Hi Natalie, we read your tweets and want to reply as a collective. This post is as much a response to your public resignation as it is for broader communities reading this.

We are grateful to have been able to work and grow by your side for the past seven years. With your resignation, we lost a valuable founding member and political leader. Your work has been fundamental to defining AAD’s two revolutionary roads: anti-capitalist and anti-colonial.

We are committed to the work of combating white supremacy, both in and outside our own organization. As a mixed Indigenous, POC, and white group, we are always in the process of learning how to use our white abolitionist politics to destroy white power wherever it appears. We developed this approach with your leadership and insights, as an alternative to the dead ends of class reductionism and deferential “ally” politics. 

We understand that having to educate non-Natives in the group is frustrating. We must uphold the principle that Indigenous fighters must get more than they give from collaborations with class struggle fighters.

Your post says you don’t trust or respect most AAD members and implies that this has come from the difficulty of working with people focused on class struggle. But that can’t be the whole story because Indigenous and POC members also felt the strain of your distrust.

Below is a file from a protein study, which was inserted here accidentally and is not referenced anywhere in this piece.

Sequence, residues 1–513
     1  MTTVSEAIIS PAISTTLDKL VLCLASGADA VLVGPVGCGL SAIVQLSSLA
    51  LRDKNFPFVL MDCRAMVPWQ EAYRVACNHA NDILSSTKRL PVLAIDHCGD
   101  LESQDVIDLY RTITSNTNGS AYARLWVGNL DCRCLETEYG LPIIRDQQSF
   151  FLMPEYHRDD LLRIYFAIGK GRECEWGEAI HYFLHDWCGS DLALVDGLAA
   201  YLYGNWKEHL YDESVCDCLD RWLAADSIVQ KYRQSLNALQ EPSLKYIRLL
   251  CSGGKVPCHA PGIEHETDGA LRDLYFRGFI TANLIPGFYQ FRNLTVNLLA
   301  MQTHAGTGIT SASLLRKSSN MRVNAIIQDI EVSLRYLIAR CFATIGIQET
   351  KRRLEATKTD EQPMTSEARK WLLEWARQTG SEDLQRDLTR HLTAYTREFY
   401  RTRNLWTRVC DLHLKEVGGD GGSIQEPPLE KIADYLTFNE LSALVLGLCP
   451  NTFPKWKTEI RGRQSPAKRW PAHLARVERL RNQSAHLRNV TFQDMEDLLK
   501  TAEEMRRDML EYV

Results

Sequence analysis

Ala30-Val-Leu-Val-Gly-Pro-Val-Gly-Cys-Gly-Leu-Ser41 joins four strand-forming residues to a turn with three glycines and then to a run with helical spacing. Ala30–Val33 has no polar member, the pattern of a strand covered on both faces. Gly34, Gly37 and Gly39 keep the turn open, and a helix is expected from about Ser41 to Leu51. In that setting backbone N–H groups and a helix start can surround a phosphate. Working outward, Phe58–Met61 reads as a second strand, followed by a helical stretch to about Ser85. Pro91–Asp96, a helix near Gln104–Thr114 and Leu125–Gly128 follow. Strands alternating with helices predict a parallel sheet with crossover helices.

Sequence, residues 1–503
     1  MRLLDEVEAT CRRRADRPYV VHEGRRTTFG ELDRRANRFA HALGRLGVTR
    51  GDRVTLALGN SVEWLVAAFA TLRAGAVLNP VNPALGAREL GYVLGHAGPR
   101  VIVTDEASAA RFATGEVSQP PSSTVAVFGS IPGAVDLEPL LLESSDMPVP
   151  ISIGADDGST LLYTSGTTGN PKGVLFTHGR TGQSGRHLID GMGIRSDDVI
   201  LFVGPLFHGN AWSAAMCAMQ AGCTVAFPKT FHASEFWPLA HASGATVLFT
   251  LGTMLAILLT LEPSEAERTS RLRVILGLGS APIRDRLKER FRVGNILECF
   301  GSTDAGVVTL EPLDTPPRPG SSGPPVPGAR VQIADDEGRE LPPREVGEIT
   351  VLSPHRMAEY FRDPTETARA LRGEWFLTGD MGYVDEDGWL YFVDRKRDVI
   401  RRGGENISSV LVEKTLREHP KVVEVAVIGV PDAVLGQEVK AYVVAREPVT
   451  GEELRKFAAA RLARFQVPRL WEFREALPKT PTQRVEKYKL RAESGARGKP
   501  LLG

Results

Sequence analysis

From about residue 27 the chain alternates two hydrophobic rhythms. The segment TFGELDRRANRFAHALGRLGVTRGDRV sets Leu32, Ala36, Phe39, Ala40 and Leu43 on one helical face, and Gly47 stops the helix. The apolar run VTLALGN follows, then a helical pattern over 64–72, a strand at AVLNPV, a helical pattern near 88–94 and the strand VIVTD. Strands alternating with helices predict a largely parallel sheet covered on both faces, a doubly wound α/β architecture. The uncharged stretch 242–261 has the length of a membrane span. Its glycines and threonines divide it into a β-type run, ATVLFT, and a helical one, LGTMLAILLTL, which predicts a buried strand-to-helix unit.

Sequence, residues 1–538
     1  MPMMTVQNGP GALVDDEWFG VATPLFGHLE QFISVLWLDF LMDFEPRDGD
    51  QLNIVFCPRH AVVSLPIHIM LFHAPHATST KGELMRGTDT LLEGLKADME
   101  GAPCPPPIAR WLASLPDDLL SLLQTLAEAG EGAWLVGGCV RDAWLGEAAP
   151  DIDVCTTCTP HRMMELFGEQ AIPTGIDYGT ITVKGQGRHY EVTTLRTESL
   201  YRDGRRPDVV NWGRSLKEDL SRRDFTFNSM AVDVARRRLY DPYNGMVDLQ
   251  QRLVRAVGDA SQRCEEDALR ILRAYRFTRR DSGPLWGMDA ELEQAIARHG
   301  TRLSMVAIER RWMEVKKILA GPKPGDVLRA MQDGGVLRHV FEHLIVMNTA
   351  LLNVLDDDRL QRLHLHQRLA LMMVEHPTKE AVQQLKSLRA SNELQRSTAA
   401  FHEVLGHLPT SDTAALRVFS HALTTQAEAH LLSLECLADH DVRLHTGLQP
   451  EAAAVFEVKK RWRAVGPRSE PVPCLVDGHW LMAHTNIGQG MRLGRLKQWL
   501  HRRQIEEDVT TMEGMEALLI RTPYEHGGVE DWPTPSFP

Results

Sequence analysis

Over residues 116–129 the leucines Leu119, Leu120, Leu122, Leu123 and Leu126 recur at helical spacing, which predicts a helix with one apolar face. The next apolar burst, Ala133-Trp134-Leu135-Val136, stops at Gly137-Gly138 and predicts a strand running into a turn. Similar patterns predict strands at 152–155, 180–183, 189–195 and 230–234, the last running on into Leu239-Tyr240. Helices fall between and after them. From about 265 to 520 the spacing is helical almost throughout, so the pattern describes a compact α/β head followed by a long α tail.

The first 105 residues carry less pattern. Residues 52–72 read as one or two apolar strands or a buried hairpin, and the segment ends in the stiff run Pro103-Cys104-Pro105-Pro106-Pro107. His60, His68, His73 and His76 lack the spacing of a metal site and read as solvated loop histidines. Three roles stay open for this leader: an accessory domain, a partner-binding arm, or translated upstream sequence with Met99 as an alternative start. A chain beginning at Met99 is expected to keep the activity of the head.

Your statement overlooks the decolonizing and anti-racist contributions of other Indigenous and POC leaders in AAD, disregarding our work on many frontlines. 

We agree that trauma comes from structural oppression, which is why we strive to care for each other in and through collective struggle. Member-support is an ongoing, often messy project for which there is no blueprint, and your feedback will shape our discussions on how to hold space for trauma in our group. 

We are proud of the work that we’ve done together, Natalie. AAD will keep fighting capitalism and colonialism in parallel with you, in ways that work for you as a writer, thinker, and fighter.